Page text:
Hooked on the aroma of freshly baked bread
BY ROS BALDWIN
With a pretty intense background in the world of food, different aromas – both weird and wild – form a huge part of that. But for me, there is something more at play than just the smell.
Smells that I adore include:
Fresh coffee beans. Of course. It’s like a drug to me.
Gardenias. It gives me a hit of those Christmas holiday feels, only kids get.
My next-door neighbour’s house about 6pm because their dinner always smells so good!
Bleach. Strange but true. It’s the rewarding smell of hard work and cleanliness.
My Issey Miyake perfume as it instantly transports me back to my escapades in France. Don’t ask me why, as I only discovered the fragrance after I returned from that incredible experience. But still to this day the smell has magical powers over my memory (and there have been quite a few years inbetween…)
But nothing compares to the intoxicating aroma of freshly baked bread. I am unashamedly drawn to that smell, like rats to the Pied Piper. To me it is the aroma of warmth and love and the sweet promise of deliciousness. Not once has it let me down. I remember getting up early during family holidays at Avoca beach, to be at the bakery when it just opened for the best, still warm bread, fruit loaves and hot cross buns I have ever eaten, while being able to watch the bakers still at work in the background. Oh, the smell! I remember the many long road trips we made from Sydney to south east Queensland, by the small towns and bakeries we stopped at along the way for a hot meat pie or the biggest, freshest salad roll. And while I have dabbled in the art of bread making to try and satisfy that need, I now humbly leave that in the very capable hands of our bakers.
And more than capable they are! This week I went on a bakery mission in Singleton to briefly shine a spotlight on these amazing, sometimes unassuming, yet quintessentially Australian shops. With simple décor, friendly staff and displays with all the usual suspects, they really did not disappoint!
Singleton Heights Bakery, at two locations within Singleton, while almost sold out of everything baked that day, sent me home with freshly baked banana bread, sourdough rolls and an unsliced high-topped fruit loaf. The hoard of kids had a great breakfast the next morning.
Cox’s Bakery, just off the main drag enticed me just at the right time with the most perfect square meat pie and the squishiest of soft sliced white bread I could have hoped for. Bakers of Singleton gave Miss S a post-netball oval pie and sauce, as well as a super floury cob loaf for Sunday sandwiches. And don’t forget there is the Fortune Café and Bakery and even a Bakers Delight.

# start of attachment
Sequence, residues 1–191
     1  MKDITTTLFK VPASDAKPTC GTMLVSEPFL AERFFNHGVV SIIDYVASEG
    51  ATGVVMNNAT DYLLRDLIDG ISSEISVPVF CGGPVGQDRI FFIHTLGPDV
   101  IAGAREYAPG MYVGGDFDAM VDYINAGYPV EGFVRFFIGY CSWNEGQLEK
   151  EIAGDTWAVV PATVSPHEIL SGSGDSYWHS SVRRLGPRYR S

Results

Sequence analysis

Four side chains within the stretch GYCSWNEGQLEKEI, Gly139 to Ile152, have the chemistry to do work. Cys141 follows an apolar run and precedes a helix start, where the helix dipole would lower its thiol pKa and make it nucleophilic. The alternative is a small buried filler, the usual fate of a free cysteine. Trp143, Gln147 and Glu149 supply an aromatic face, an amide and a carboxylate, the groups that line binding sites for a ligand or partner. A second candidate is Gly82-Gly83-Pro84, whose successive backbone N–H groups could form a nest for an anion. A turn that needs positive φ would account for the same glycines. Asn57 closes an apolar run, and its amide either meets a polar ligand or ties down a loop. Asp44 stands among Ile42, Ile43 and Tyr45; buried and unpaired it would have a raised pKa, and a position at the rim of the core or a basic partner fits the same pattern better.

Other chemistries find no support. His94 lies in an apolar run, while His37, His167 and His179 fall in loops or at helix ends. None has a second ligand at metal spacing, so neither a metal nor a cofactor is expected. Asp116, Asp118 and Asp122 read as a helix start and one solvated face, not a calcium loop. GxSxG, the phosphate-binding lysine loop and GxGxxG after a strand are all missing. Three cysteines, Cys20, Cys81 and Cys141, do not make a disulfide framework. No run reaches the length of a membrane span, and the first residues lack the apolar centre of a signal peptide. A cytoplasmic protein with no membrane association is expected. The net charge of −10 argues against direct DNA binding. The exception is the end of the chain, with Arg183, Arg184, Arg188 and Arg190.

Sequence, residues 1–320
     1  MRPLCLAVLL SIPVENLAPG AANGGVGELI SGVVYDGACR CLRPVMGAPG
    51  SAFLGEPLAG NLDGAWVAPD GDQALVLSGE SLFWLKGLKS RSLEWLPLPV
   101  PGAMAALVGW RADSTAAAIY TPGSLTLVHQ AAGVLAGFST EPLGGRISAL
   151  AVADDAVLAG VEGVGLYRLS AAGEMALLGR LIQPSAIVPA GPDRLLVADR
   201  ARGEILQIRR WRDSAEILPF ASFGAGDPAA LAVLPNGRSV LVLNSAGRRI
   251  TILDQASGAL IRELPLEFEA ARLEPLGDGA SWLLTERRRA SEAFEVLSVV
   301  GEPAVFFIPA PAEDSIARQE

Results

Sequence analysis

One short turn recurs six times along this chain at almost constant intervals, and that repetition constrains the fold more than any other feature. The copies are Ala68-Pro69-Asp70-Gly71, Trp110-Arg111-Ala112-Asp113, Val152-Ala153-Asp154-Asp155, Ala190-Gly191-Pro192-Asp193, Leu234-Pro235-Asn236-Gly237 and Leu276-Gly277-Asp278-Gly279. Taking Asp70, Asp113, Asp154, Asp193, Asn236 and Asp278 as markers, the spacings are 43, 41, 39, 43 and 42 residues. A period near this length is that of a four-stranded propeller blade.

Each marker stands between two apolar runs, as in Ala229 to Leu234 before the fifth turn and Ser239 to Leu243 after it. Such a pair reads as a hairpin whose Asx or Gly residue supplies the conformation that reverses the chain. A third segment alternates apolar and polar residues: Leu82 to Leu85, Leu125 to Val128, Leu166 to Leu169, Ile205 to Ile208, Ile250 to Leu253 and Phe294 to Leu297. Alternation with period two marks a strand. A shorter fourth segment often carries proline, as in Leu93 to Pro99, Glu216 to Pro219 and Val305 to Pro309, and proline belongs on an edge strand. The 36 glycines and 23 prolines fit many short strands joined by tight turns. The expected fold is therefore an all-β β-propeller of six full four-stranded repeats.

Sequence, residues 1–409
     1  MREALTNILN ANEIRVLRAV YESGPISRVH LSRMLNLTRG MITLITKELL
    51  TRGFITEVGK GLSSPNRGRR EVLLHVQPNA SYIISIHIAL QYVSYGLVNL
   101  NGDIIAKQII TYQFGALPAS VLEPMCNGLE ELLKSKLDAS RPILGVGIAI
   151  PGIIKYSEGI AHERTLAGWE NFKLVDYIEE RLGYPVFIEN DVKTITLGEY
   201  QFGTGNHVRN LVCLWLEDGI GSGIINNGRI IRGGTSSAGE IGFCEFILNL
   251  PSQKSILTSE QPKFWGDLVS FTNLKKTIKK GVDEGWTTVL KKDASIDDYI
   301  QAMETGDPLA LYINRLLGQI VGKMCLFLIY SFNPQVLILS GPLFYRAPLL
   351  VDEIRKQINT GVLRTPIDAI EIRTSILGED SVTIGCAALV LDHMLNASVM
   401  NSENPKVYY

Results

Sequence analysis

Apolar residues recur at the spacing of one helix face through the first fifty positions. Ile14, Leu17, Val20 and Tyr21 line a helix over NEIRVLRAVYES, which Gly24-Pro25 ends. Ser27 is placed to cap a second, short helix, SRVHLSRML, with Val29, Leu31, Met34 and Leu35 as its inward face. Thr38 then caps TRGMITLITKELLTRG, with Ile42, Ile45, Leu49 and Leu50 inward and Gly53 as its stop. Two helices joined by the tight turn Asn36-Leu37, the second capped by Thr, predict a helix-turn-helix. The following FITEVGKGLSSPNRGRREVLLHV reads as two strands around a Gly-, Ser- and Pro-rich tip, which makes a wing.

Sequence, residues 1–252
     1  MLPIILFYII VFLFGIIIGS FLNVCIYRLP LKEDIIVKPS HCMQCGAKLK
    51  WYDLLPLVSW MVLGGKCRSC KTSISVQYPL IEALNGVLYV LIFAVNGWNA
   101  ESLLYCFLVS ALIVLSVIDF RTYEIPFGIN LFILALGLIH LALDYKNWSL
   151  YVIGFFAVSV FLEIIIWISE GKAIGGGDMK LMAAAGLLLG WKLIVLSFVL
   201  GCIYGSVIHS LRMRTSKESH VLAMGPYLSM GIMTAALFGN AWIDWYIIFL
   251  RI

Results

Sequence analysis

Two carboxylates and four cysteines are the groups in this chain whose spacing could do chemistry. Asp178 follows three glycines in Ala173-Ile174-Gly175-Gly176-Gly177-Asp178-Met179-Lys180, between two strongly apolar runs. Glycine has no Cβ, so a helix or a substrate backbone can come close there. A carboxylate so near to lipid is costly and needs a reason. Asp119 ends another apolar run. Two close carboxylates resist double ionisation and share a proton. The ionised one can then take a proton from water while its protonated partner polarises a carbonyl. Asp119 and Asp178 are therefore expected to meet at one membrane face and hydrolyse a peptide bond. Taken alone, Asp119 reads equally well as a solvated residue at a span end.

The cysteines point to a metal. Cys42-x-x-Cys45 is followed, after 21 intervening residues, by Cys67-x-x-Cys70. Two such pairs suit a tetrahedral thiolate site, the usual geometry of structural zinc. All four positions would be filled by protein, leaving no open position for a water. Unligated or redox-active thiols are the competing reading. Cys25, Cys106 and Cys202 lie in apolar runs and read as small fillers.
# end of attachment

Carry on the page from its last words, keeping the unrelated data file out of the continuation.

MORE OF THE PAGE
I just love the familiarity of these bakeries – fresh breads, sausage rolls and hot pies in at least a dozen flavours (each made just slightly differently from the next bakery ) and a cabinet full of vanilla slices, decorated cupcakes, caramel and custard tarts, apple pies and lamingtons to name but a few. However, the small shop is merely a front for what goes on behind the scenes. Bakeries also provide their fresh breads and hand baked pies and treats to local corner stores, cafes, restaurants, schools and sporting events for us all to enjoy. They also create bespoke birthday cakes and do catering to local businesses as well.
But honourable mention must go to the bakers that have ridiculously early starts so that people like me can get their daily bread fix. You have a profession I truly admire from a healthy distance.
Now I would not even dream of putting in a bread recipe or pie recipe here! It is not my place, and besides, we have all these local owned bakeries to do that for us. I was itching to do my bread and butter pudding recipe, but today I am going to use the floury unsliced loaf to create something else that is also quintessentially Australian. A really good toastie. With bacon. You’re welcome.
Bacon, Cheese and Mustard Toastie
6 slices of rindless streaky bacon Seeded mustard
4 thick slices of fresh bread 100gm coarsely grated aged cheddar
Butter 100gm coarsely grated swiss cheese
Ripe tomatoes thinly sliced Finely sliced shallots
Method Grill the bacon for 5 minutes until golden then drain on paper towel. Butter each slice of bread then turn over. On two slices spread generously with seeded mustard then top with 3 slices of bacon and the sliced tomato. Mix the two cheese and shallots together in a bowl and spoon over the bacon. Spread the onion jam on the other two slices of bread and join the sandwich together. Place sandwiches buttered side down on the hot sandwich press, close and cook for 5 minutes until the cheese has melted. Eat immediately!
And while the humble toastie doesn’t crack my list of favourite smells, it does make it to my list of most loved comfort foods… and that’s a whole other story.